The activity of central pain receptors immediately after pain stimulation can be measured based on the expression of c-fos, genes associated with the early expression of pain. BoNT-A blocks the secretion of neurotransmitters which are involved in the pathophysiology of neurogenic inflammation, such as glutamate, secreted from the primary afferent pain receptor fibers. BoNT-A therefore reduces the extensive activity of dorsal horn neurons of the spinal cord, which has been confirmed based on the decreased expression of c-fos [6]. BoNT-A is involved in the blockage of secretion of the above-mentioned inflammatory mediators and suppresses the expression of c-fos occurring immediately after pain sensation. It can therefore be concluded that BoNT-A suppresses peripheral sensitization, and this leads to central desensitization [7].

As described herein, in addition to the peripheral and spinal cord effects of BoNT-A, the effects on the central nervous system have also been examined in many studies. With respect to the finding that BoNT-A causes alterations in the sensory pattern via the neural axis, including the cerebral cortex, it has been reported that major mechanisms altering the overall recognition of pain by BoNT-A originate from the neuroplastic reorganization of excitatory and inhibitory balances [15]. Through experimental results that BoNT-A has an anti-nociceptive effect via axonal transport to the central nervous system following peripheral injection [16], it has been demonstrated that the central nervous system is involved in the mechanisms by which BoNT-A reduces pain.

Alcohol and phenol, which have been commonly used for neurolysis, cannot accurately predict drug spread, and therefore these agents cannot block nerves selectively. Alcohol and phenol cause irreversible destruction. Furthermore, alcohol and phenol have been reported to induce novel pain [17]. In cases of pain in which radiofrequency ablation is used, there exist specialized equipment, such as an electrostimulating device and a minute controller. Accordingly, in these cases the selective destruction of nerve fibers is possible. There is a lower possibility that complications might occur in cases in which neurolysis is performed. The size and location of lesions can be controlled. Of the methods for blocking ganglion impar, radiofrequency ablation is excellent [4]. In cases in which ganglion impar is blocked, however, an approach is commonly made via the anococcygeal ligament. Because a cannula has a linear form, an accurate approach cannot be made to the ganglion impar. The patient presented herein was apprehensive about neurolysis using radiofrequency ablation . Accordingly, as an alternative method to radiofrequency ablation, blockage of the ganglion impar was performed using BoNT-A. Carroll et al. [11] performed blockage of lumbar sympathetic ganglia in patients with CRPS, and compared treatment outcomes between the group in which 0.5% bupivacaine 10 ml was used alone and a group in which concomitant use of 75 U BoNT-A and 0.5% bupivacaine was attempted. As a result, the decrease in VAS was markedly greater and the analgesic period was prolonged in the group in which bupivacaine 10 ml and 75 U BoNT-A was concomitantly used for blockage of the ganglion impar. This is an example demonstrating the sympathetic nerve block effect of BoNT-A based on clinical studies rather than animal experiments, which provides a basis for the sustained effect and the decrease in VAS as compared with cases in which the patient underwent blockage of the ganglion impar using conventional types of local anesthetics. Accordingly, as shown in animal experiments in which formalin was used [8], the mechanism of BoNT-A is not referred to as direct destruction of nerve fibers, rather based on blockage of pain-controlling neurotransmitters. A reversible, transient analgesic effect is considered one of the advantages in the current case, and. in agreement with an experimental animal reports by Kim et al. [18] in which BoNT-A caused no marked histopathologic changes as compared with cases in which blockage was done using alcohol or phenol, and the effects were persistently present for > 1 month.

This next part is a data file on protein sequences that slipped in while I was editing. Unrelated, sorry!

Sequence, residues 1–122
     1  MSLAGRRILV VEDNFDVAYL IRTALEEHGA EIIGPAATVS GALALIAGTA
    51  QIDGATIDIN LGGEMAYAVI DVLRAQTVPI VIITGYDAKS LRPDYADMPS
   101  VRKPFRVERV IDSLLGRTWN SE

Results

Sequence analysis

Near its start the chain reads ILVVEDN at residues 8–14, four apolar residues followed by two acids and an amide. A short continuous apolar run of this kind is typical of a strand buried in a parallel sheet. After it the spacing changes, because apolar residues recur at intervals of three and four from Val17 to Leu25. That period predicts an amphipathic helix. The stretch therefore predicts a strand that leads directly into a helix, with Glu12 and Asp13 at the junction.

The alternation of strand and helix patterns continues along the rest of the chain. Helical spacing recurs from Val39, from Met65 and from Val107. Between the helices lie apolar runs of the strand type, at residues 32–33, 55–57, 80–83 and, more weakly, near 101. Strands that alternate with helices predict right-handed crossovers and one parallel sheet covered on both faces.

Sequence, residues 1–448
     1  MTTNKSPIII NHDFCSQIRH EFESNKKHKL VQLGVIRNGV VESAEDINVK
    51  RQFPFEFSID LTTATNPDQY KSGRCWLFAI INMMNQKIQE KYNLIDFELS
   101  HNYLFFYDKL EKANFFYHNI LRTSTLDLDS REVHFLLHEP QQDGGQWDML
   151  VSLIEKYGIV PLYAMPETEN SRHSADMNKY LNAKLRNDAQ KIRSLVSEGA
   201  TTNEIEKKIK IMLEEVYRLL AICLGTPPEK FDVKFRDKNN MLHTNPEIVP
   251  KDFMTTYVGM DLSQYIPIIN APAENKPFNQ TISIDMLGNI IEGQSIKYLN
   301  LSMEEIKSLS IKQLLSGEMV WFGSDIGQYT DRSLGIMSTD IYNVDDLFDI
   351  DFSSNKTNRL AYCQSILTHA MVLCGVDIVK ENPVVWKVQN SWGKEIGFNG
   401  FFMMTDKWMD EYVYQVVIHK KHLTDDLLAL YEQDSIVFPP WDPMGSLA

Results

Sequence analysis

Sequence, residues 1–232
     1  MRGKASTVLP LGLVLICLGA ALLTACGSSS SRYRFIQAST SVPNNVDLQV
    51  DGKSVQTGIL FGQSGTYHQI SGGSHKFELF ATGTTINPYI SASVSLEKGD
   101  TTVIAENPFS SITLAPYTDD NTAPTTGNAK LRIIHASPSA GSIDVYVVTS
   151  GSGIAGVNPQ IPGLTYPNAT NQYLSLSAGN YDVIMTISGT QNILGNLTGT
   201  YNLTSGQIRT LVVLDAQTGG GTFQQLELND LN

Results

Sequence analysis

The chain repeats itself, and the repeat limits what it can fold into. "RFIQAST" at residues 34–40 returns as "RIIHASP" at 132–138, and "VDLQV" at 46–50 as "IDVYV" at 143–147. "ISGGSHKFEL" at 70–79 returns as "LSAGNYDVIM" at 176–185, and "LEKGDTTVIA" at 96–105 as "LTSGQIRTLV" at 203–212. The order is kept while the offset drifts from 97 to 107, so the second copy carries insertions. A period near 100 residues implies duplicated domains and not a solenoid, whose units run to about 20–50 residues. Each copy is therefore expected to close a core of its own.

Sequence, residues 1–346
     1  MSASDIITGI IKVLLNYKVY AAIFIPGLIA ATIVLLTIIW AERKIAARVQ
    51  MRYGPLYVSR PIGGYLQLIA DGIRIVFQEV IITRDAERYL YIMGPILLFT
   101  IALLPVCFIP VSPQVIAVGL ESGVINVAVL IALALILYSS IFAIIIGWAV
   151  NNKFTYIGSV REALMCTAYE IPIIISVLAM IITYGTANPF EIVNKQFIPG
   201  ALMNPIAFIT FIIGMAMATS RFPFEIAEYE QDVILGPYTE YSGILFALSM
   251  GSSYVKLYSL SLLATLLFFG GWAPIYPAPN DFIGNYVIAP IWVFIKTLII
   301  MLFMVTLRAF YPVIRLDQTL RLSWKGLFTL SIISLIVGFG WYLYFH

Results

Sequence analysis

In the current case, the use of BoNT-A for blockage of the ganglion impar was safer than neurolysis based on the previous types of chemical or high-frequency ablation. The effects were superior to cases in which local anesthetics were solely used, and the analgesic period was prolonged. Based on these advantages, BoNT-A is proposed as a new method for blocking the sympathetic nervous system. Aside from these advantages, there are also disadvantageous in that BoNT-A can pose a safety issue. BoNT-A is rather expensive and requires serial use. In association with this, in adults weighing 70 kg in which the LD50 of BoNT-A amounts to 3,000 U, the common clinical dose is at most 25-100 U and it can therefore be considered very safe. BoNT-A is used at 3-6 month intervals, and the proportion of antibody formation has been reported to be < 4% [5,19]. The problem that the drug effect is lost due to the formation of antibodies following repeated use can also be resolved [5,19]. It it has been reported that the use of BoNT-A reduces the amount of analgesic drugs, the need for treatment, and the length of hospital stay associated with the side effects of drugs [20]. Together, these features may overcome the cost associated with BoNT-A. Because the number of cases in which BoNT-A has been used for the blockage of ganglion impar is limited, further clinical studies and application are needed.